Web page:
Finally we found THE tree. We could see it from the road, the only evergreen for some distance, surrounded by bare and rather forlorn looking poplars. “Stop, Dad!” Laura called. Tom, who has been suffering (loudly) from a head cold, muttered and swore a couple of times as he tripped over tree roots in the twilight, a definite contrast to the happy and excited kids. He sawed through the trunk, hoisted the tree, and off all four went with their prize, back to the truck. Partway home, Tom stopped sniffling and groaning long enough to say, “We should visit Auntie Nellie,” his recently widowed, eighty-something-year-old great-aunt who still lives on the farm (her sons have tried to budge her toward the lodge in town but she isn’t having any of that nonsense).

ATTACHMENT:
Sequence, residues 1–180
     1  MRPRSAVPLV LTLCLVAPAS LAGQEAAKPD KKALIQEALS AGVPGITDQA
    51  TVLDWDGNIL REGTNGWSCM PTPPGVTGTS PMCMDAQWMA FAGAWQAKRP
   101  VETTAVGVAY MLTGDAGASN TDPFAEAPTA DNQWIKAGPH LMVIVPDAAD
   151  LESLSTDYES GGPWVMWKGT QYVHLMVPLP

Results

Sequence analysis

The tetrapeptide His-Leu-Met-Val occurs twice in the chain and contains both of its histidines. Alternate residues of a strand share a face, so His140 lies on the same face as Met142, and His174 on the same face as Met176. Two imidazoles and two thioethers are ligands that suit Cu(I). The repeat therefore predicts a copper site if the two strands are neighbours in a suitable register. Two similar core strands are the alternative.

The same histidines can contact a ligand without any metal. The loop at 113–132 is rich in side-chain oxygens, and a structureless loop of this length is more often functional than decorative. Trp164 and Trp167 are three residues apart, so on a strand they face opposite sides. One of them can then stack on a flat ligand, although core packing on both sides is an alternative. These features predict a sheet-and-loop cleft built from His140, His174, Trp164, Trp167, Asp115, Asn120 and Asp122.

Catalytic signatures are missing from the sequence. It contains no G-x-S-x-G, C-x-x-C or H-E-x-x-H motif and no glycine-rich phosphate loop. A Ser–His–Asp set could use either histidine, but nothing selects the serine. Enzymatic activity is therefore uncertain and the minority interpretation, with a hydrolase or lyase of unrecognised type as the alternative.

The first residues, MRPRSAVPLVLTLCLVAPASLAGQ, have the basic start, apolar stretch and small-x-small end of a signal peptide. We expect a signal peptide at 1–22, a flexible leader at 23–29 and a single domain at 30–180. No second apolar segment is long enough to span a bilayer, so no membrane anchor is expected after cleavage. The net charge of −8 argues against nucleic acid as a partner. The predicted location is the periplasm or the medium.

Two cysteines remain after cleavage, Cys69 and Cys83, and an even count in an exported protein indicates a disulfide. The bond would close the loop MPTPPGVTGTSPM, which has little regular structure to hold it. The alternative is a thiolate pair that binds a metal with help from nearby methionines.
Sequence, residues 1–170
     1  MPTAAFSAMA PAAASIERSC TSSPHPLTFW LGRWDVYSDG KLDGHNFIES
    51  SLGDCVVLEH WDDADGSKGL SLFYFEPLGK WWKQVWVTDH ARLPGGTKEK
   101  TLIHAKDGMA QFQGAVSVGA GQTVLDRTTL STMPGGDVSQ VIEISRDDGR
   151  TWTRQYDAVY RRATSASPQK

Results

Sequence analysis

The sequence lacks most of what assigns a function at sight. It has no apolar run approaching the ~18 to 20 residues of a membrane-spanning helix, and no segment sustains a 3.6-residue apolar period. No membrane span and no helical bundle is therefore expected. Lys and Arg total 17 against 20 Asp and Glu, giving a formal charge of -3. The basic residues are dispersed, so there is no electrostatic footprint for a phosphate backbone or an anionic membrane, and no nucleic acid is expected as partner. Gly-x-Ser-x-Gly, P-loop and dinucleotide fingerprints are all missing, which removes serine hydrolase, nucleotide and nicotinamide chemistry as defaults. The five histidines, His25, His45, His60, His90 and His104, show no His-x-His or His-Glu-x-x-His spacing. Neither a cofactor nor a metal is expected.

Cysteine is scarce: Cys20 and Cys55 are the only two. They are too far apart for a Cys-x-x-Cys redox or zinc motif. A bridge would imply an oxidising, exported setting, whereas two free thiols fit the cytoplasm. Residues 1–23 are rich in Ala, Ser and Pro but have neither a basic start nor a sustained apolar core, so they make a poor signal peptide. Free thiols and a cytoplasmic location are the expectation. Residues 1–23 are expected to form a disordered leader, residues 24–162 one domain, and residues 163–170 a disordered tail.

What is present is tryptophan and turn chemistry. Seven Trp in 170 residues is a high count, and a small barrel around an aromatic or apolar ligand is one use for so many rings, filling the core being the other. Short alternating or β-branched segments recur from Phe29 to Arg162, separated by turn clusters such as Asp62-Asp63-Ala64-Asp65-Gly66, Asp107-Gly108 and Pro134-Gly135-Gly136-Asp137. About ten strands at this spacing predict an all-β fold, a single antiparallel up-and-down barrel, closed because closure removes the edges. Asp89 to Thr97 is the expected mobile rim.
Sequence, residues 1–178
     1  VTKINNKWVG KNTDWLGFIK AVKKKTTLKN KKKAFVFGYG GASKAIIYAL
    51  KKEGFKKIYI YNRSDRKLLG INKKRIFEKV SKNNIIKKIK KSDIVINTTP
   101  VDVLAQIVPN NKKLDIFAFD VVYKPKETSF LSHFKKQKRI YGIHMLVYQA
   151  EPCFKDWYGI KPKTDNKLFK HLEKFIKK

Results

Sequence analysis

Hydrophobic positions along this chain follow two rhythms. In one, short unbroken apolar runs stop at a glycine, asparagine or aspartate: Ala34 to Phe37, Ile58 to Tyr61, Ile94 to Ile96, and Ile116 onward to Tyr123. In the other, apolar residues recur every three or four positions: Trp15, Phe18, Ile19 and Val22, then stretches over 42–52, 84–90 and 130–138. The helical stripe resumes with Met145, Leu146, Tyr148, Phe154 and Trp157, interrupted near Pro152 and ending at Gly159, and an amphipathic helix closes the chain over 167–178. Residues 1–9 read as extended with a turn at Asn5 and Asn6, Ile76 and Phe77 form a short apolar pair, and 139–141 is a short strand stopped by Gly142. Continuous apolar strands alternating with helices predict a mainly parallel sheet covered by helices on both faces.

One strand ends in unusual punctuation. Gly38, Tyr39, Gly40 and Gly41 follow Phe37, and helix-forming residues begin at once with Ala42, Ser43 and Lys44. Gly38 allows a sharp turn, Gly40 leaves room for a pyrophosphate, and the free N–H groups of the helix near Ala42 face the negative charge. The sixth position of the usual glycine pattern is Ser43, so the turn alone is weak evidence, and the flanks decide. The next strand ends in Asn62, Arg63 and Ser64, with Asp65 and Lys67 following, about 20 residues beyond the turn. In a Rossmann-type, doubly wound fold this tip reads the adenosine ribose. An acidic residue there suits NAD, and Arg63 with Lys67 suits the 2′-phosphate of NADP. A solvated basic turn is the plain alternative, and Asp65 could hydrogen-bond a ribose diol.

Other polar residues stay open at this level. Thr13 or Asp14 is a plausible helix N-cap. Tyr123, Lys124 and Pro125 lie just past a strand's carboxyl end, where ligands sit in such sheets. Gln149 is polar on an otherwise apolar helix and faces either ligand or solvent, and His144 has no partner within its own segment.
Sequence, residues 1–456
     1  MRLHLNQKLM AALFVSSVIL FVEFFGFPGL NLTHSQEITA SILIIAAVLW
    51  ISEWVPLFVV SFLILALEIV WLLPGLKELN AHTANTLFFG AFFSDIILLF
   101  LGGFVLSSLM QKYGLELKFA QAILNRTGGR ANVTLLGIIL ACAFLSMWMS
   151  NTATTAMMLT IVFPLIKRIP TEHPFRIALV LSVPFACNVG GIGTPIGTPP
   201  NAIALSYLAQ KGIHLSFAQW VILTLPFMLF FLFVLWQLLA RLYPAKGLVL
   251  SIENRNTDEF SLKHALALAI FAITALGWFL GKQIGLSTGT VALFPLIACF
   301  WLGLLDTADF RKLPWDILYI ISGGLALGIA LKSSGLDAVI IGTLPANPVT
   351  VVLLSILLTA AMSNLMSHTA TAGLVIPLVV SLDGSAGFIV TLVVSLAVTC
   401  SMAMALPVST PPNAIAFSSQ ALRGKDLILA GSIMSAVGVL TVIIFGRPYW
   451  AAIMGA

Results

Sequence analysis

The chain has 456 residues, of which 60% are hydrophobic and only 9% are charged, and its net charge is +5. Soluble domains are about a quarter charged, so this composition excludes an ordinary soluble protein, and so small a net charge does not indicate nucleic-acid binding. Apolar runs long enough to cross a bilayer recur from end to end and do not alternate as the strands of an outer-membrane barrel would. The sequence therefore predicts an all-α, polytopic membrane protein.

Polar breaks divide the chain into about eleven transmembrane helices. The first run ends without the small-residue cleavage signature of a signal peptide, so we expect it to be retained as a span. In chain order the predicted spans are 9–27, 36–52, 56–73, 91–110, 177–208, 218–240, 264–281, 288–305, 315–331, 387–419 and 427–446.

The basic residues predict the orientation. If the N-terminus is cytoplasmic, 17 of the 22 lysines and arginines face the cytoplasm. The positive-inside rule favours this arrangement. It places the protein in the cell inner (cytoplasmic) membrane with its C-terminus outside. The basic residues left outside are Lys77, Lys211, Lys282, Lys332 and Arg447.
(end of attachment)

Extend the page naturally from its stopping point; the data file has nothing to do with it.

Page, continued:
It was around five o’clock, already dark, and Auntie Nellie seemed very glad to see us. She had gone to church that morning, helped pack Christmas hampers (she is a cook and volunteer extraordinaire), then stopped off to visit Uncle Mike at the cemetery and leave a poinsettia with him. She speaks of him talking to her, which one of her daughters-in-law, one of our closest neighbors, finds morbid and creepy but I find sweet and comforting. After all, they spent almost every day since 1941 living together on the farm, taking all their meals together, working at chores side by side, almost in each other’s pockets, as my mother would say. But Nellie said Mike didn’t talk to her today.